|Central Commission for Discipline Inspection of the Communist Party of China|
|Zhōngguó Gòngchăndăng Zhōngyāng Jìlǜ Jiănchá Wĕiyuánhuì|
|The emblem of the Communist Party of China|
|Jurisdiction||People's Republic of China|
|Agency executives||Wang Qishan, Secretary
Zhao Hongzhu, Huang Shuxian, Li Yufu, Du Jincai, Wu Yuliang, Zhang Jun, Chen Wenqing, Wang Wei, Deputy Secretaries
|Parent Agency||CPC National Congress|
The Central Commission for Discipline Inspection of the Communist Party of China (simplified Chinese: 中国共产党中央纪律检查委员会; traditional Chinese: 中國共產黨中央紀律檢查委員會; pinyin: Zhōngguó Gòngchăndăng Zhōngyāng Jìlǜ Jiănchá Wĕiyuánhuì; often abbreviated to 中纪委) is an organization run under the National Congress of the Communist Party of China charged with rooting out corruption and malfeasance among party cadres. Its current Secretary is Wang Qishan, who is also a member of the Politburo Standing Committee.
This body was established in 1927 as the Central Control Commission of the Communist Party of China, eventually changing its name to Central Commission for Discipline Inspection in 1949, after the establishment of the People's Republic of China. In 1955 the name was reversed to Central Control Commission, which operated under Vice Chairman of the People's Republic of China Dong Biwu. During the Cultural Revolution, its functions were subsumed by newly created "revolutionary organs." It was re-established in 1978 as the Central Commission for Discipline Inspection by the Third Plenary Session of the 11th CPC Central Committee.
According to the Constitution of the Communist Party of China, the Central Commission is directly under the CPC National Congress and on the same level with the CPC Central Committee. It is charged with rooting out corruption and malfeasance among party cadres.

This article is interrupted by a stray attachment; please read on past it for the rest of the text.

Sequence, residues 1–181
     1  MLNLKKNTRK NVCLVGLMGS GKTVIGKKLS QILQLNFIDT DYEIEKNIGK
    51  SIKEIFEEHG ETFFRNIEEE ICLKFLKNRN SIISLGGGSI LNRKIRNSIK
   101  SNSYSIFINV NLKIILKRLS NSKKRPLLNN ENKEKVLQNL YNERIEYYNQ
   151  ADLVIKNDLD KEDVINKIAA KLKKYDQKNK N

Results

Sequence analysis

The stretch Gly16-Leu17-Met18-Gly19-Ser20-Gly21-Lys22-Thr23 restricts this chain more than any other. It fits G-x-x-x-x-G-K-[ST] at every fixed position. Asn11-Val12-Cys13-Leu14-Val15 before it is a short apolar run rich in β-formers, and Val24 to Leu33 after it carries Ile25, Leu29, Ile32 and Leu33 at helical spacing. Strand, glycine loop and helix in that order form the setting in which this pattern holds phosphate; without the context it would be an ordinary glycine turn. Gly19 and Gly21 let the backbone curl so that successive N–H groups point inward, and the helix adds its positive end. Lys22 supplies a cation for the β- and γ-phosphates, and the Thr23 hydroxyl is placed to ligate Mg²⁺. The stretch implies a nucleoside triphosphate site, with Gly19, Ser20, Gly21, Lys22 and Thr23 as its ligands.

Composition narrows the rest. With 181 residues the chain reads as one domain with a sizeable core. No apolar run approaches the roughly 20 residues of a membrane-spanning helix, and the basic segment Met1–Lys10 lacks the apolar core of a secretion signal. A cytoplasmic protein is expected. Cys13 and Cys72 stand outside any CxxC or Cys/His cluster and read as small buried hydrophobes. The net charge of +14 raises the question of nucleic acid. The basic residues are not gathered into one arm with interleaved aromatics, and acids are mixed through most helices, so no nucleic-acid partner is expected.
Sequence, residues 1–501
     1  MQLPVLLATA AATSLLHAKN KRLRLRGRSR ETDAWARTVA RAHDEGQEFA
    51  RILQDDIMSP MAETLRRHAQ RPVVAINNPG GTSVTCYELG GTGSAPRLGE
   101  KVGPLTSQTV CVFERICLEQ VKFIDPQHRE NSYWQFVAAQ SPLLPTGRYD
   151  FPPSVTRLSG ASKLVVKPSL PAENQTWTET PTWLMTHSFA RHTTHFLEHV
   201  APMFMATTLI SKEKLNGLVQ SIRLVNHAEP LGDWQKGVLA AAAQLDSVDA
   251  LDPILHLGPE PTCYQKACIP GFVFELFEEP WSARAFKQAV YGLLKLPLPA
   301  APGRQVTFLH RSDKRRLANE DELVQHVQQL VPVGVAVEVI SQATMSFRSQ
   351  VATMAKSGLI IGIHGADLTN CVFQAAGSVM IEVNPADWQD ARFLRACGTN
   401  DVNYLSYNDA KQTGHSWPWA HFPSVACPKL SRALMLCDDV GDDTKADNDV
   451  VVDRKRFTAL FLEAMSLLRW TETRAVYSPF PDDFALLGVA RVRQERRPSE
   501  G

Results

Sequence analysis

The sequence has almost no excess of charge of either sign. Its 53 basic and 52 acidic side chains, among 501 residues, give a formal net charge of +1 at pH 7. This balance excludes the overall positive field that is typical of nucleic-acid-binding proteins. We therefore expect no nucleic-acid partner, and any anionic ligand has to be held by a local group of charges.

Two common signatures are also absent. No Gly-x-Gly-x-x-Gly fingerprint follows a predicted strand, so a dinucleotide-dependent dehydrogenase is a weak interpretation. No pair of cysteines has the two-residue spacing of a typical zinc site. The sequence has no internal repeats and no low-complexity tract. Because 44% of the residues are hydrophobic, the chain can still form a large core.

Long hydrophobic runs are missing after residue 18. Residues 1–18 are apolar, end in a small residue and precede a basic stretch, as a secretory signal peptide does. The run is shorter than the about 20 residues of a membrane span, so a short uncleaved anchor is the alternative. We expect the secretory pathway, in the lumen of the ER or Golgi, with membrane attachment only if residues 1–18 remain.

Investigations and prosecutions of cadres who are suspected of corruption are conducted confidentially in a system which is separate from ordinary Chinese law enforcement and courts which are subject to influence by local cadres. According to The New York Times the system is called "shuanggui" and is greatly feared by corrupt party functionaries. According to The New York Times suspects are subjected to severe physical and psychological pressure. The system has resulted in successful investigation and prosecution of a number of corrupt cadres including some very powerful party officials. There is little sympathy by the Chinese public for corrupt officials who get caught up in the system, but also skepticism regarding the body's effectiveness.
List of Secretaries 
- Zhu De: (November 1949-March 1955)
- Dong Biwu (March 1955-April 1968)
- Chen Yun: December 1978-October 1987
- Qiao Shi: October 1987-October 1992
- Wei Jianxing: October 1992 - November 2002
- Wu Guanzheng: November 2002 - October 2007
- He Guoqiang: October 2007 - November 2012
- Wang Qishan: November 2012- incumbent
See also 
- Kahn, Joseph (27 September 2006). "Chinese Officials Vow to Press Political Shake-Up, Saying Corruption Is Focus". The New York Times. Retrieved 4 December 2011.
- "China launches site to report corruption". China Daily. 5 January 2006. Retrieved 4 December 2011.
- Andrew Jacobs (June 14, 2012). "Accused Chinese Party Members Face Harsh Discipline". The New York Times. Retrieved June 15, 2012.
- http://www.12388.gov.cn Central Commission for Discipline Inspection of the Communist Party of China website (Chinese)
- List of all members of the Central Commission for Discipline Inspection of the Communist Party of China (November 15, 2002)
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